Wednesday, April 4, 2018

Genesis 3:1-7 The Temptation and the Sin


KEY TEXT: Genesis 3:1-7 Now the serpent was more crafty than any other beast of the field that the Lord God had made. He said to the woman, "Did God actually say, 'You shall not eat of any tree in the garden'?" And the woman said to the serpent, "We may eat of the fruit of the trees in the garden, but God said, 'You shall not eat of the fruit of the tree that is in the midst of the garden, neither shall you touch it, lest you die.'" But the serpent said to the woman, "You will not surely die. For God knows that when you eat of it your eyes will be opened, and you will be like God, knowing good and evil." So when the woman saw that the tree was good for food, and that it was a delight to the eyes, and that the tree was to be desired to make one wise, she took of its fruit and ate, and she also gave some to her husband who was with her, and he ate. Then the eyes of both were opened, and they knew that they were naked. And they sewed fig leaves together and made themselves loincloths.

KEY THOT: The devil's most effective strategy against humans has remained unchanged since the dawn of creation. His tactic in temptation begins by sowing doubts regarding the veracity of God's word. This is then followed by an outright lie. In Genesis 2:16-17, God gave Adam a simple and unambiguous command regarding the tree of knowledge of good and evil: "You may surely eat of every tree of the garden, but of the tree of the knowledge of good and evil you shall not eat, for in the day that you eat of it you shall surely die." However, Satan sowed doubts in Eve's mind by twisting God's command: "Did God actually say, 'You shall not eat of any tree in the garden?" From God's permission to eat of "every tree" in the Garden except one, Satan twisted it into a Garden-wide prohibition against eating "any tree" in the garden. 

The woman's reply in verses 2 and 3 show that she was not 100% certain regarding what God actually said: "We may eat of the fruit of the trees in the garden, but God said, 'You shall not eat of the fruit of the tree that is in the midst of the garden, neither shall you touch it, lest you die.'" Firstly, there were two trees in the midst of the garden, not just one tree: "The tree of life was in the midst of the garden, and the tree of the knowledge of good and evil" (Genesis 2:9). So there were two trees, one permitted and the other prohibited, but Eve demonstrated her inaccurate knowledge of God's word by lumping both trees together as one forbidden tree "in the midst of the garden".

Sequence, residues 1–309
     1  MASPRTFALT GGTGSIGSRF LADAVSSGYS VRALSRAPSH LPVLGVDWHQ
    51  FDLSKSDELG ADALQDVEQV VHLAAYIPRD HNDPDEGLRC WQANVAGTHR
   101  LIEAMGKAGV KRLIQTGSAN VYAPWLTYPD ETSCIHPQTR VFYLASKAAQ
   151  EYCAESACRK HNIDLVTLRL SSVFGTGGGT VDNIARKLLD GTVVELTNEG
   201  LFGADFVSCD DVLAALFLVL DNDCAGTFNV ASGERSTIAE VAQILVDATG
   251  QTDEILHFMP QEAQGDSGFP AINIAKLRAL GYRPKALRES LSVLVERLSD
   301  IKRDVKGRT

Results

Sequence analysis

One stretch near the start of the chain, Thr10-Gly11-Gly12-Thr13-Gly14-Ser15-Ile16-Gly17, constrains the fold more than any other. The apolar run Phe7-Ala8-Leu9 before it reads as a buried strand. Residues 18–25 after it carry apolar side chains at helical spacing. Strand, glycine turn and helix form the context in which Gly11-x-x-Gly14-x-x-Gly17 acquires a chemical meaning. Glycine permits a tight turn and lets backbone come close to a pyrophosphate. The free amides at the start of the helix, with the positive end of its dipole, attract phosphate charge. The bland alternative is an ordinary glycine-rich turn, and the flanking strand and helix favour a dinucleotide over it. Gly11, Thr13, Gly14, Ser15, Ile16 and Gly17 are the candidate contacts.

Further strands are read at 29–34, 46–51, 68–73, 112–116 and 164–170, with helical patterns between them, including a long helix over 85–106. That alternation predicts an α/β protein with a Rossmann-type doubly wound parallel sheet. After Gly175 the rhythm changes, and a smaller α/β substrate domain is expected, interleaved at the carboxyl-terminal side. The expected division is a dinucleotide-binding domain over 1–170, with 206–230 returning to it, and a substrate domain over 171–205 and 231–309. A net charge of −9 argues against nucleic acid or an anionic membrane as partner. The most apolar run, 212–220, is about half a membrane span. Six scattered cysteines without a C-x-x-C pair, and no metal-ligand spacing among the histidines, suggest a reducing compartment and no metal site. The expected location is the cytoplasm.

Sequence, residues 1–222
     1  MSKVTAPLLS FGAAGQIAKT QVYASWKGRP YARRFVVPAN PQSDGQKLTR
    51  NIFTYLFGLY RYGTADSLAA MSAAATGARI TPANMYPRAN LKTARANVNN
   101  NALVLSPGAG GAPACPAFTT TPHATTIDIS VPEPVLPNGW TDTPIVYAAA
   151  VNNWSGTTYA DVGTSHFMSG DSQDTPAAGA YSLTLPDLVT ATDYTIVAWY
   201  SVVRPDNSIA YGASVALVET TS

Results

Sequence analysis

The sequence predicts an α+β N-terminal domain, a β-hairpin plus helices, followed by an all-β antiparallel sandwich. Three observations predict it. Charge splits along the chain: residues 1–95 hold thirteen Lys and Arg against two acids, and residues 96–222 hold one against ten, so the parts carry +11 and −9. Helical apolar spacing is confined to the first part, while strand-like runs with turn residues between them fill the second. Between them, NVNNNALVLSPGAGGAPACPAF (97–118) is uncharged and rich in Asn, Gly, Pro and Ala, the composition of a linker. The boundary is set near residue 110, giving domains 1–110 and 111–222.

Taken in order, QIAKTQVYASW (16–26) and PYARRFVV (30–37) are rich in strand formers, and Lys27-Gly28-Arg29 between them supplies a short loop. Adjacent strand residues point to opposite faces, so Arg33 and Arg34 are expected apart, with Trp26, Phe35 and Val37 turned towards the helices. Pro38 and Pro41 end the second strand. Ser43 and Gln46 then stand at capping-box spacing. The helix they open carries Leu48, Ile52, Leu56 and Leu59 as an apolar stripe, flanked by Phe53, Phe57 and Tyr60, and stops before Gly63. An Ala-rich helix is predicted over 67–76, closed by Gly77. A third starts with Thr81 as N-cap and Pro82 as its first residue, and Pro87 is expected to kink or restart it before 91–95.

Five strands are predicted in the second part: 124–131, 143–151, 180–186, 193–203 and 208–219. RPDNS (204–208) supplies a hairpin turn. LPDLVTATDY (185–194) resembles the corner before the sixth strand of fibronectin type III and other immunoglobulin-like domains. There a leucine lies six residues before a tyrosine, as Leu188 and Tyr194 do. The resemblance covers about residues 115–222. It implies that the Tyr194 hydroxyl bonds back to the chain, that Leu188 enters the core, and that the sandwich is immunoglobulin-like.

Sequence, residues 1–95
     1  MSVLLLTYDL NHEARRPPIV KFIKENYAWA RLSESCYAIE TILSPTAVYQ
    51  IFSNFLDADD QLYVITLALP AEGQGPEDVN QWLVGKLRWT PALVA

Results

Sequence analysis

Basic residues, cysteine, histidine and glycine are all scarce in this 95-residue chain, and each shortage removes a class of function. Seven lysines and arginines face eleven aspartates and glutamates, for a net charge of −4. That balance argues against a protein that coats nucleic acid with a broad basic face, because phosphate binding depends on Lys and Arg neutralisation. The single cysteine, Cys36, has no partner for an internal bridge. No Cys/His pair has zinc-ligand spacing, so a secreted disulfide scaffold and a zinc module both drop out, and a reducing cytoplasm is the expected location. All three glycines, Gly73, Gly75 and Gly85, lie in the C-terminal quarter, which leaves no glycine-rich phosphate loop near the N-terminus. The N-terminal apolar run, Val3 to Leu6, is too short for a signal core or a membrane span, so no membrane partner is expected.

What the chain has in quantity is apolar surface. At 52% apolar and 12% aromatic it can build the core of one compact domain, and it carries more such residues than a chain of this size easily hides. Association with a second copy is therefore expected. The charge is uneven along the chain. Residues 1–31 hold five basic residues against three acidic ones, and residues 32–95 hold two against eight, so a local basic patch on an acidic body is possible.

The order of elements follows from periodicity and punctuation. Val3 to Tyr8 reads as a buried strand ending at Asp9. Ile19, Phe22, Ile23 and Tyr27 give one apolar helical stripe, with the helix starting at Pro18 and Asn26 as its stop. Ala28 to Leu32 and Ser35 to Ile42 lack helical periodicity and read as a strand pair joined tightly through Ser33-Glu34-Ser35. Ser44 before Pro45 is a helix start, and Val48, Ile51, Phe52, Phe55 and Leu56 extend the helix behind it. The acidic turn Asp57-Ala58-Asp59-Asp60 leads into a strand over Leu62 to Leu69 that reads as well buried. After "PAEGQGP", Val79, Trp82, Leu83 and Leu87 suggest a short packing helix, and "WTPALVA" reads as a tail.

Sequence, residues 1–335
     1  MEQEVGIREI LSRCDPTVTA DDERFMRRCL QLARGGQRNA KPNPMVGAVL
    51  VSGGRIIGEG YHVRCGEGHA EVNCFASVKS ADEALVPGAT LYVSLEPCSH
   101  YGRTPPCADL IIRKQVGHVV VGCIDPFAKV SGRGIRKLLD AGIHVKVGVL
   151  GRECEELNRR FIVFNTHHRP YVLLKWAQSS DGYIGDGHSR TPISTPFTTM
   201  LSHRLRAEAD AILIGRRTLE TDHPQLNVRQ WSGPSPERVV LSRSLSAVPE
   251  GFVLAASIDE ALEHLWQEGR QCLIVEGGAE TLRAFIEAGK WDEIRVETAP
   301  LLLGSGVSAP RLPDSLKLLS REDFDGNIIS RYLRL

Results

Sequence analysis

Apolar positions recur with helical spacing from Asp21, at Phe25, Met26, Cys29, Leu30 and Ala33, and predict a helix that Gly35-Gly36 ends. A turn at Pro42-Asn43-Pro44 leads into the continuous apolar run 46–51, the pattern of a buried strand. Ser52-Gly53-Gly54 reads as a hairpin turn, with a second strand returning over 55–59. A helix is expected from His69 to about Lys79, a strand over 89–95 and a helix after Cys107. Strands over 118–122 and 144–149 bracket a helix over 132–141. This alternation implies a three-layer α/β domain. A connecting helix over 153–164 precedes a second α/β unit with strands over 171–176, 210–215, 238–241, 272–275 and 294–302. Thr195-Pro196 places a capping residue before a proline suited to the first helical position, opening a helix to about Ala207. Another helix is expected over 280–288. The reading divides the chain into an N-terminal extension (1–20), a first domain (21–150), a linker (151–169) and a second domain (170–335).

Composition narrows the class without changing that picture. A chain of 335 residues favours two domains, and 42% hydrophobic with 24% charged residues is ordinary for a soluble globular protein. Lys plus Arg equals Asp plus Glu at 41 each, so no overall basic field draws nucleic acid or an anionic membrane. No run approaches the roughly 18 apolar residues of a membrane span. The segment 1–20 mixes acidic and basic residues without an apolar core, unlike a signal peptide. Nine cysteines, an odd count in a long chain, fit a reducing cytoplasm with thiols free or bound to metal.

Secondly, Eve added to God's command by claiming that God has forbidden them to even touch it. The danger of adding to God's word ("neither shall you touch it") is as bad as subtracting from God's word ("tree that is in the midst of the garden"). So, when the serpent saw his opportunity, he took the next step in his two-prong temptation--an outright lie: "You shall not surely die" in direct contradiction to God's word in Genesis 2:17 which says, "of the tree of the knowledge of good and evil you shall not eat, for in the day that you eat of it you shall surely die."

When the serpent saw that Eve was buying into his lie, he delivers his final punch by undermining her trust in God himself: "For God knows that when you eat of it your eyes will be opened, and you will be like God, knowing good and evil" (Genesis 3:5). In other words, God cannot be trusted because He doesn't want the best for humans, viz., to be "like God, knowing good and evil." From doubting God's word to doubting God's character: the temptation is now complete once the woman had bought into this new Satanic narrative and worldview.

The next verse describes how Eve began to rationalize evil as good: "So when the woman saw that the tree was good for food, and that it was a delight to the eyes, and that the tree was to be desired to make one wise, she took of its fruit and ate, and she also gave some to her husband who was with her, and he ate" (Genesis 3:6). To her, the forbidden fruit of knowledge of good and devil was good for three reasons: (1) it was good "for food"--to satisfy our need for survival; (2) it was good because it was "a delight to the eyes" to satisfy our need for security to look good; and (3) it was good "to make one wise"--to satisfy our need for significance. 

The devil's temptation is always couched as something positive that will enhance our survival, our security and our significance. These basic needs are legitimate, but God has intended to meet our basic needs in His own ways. But by listening to Satan's instead of God's voice,, Eve has fallen into sin of following the devil's path to meet her basic needs for survival, security and significance instead of relying on God's way through the fruit of the tree of life. 

Ever since that moment in the Garden, mankind has wanted to be "like God" by the path of knowledge rather than life. And the pursuit of knowledge has resulted in rebellion against God, resulting in death, rather than submission to God, resulting in life.

Abba-Father, help us listen to Your voice and follow Your path to meet our needs for survival, security and significance by seeking first Your kingdom and Your righteousness. In Jesus' name, Amen.  

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